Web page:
The presence of a cognitive map is essential to our ability to navigate through areas we know because it facilitates the use of spatial knowledge to derive new routes. Whether such maps exist in nonhuman animals has been debated, largely because of the difficulty of demonstrating qualifying components of the map outside of a laboratory.
Using a novel system capable of tracking dozens of animals simultaneously at high accuracy and resolution, we assembled a large dataset of 172 foraging Egyptian fruit bats comprising >18 million localizations collected over 3449 bat-nights across 4 years. Detailed track analysis, combined with translocation experiments and exhaustive mapping of fruit trees, revealed that wild bats seldom exhibit random search but instead repeatedly forage in goal-directed, long, and straight flights that include frequent shortcuts. Alternative, non–map-based strategies were ruled out by simulations, time-lag embedding, and other trajectory analyses. Our results are consistent with expectations from cognitive map–like navigation and support previous neurobiological evidence from captive bats.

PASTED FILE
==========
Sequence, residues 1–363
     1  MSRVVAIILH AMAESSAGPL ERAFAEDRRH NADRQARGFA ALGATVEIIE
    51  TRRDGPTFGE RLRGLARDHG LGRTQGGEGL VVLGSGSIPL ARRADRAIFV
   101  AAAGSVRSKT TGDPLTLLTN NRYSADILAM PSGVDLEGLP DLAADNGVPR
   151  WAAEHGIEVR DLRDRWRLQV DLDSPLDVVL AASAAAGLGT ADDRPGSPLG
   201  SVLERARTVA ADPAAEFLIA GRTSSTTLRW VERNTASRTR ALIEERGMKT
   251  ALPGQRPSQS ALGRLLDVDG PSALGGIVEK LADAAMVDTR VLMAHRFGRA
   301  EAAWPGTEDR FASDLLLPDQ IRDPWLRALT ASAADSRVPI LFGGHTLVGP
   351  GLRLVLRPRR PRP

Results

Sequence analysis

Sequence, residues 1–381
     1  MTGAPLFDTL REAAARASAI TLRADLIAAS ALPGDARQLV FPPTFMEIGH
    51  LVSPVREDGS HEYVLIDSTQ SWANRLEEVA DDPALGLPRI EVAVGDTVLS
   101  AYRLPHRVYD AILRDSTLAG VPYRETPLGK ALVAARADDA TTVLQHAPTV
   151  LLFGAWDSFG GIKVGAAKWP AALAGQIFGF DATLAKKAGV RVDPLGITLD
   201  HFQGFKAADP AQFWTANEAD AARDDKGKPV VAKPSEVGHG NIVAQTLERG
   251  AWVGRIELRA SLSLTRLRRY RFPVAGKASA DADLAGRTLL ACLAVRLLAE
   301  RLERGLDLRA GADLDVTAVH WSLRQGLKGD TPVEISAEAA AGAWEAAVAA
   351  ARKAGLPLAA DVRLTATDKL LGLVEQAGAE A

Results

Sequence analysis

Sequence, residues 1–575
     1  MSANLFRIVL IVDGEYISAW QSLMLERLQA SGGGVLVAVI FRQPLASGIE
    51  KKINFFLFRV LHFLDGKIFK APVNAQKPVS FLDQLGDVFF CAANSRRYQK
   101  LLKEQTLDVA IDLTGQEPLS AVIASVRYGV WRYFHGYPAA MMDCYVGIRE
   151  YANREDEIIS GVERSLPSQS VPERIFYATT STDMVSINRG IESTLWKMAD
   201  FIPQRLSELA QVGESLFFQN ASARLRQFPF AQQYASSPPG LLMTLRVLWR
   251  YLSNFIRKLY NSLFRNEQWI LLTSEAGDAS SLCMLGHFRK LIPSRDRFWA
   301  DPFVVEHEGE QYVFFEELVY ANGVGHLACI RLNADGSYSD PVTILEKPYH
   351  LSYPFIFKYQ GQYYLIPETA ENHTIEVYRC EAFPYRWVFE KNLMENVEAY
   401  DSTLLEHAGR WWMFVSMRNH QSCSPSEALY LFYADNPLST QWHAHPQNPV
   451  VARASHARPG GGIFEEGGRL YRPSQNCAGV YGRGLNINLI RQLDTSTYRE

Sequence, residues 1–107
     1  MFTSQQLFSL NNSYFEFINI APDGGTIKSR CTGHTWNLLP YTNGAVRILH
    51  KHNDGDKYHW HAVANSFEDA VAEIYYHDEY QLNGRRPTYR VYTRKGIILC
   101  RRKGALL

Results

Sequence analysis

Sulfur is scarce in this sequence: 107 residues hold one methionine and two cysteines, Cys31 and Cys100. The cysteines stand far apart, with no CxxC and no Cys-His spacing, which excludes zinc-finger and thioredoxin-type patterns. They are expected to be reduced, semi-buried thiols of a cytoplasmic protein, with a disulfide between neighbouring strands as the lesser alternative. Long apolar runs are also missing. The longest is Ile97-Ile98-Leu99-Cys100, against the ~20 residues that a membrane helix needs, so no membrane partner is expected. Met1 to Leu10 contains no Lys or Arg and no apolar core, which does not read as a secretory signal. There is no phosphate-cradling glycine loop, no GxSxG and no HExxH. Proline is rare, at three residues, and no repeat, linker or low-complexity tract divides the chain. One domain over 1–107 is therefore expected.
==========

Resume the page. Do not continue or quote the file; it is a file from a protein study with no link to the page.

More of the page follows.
Read the paper in Sience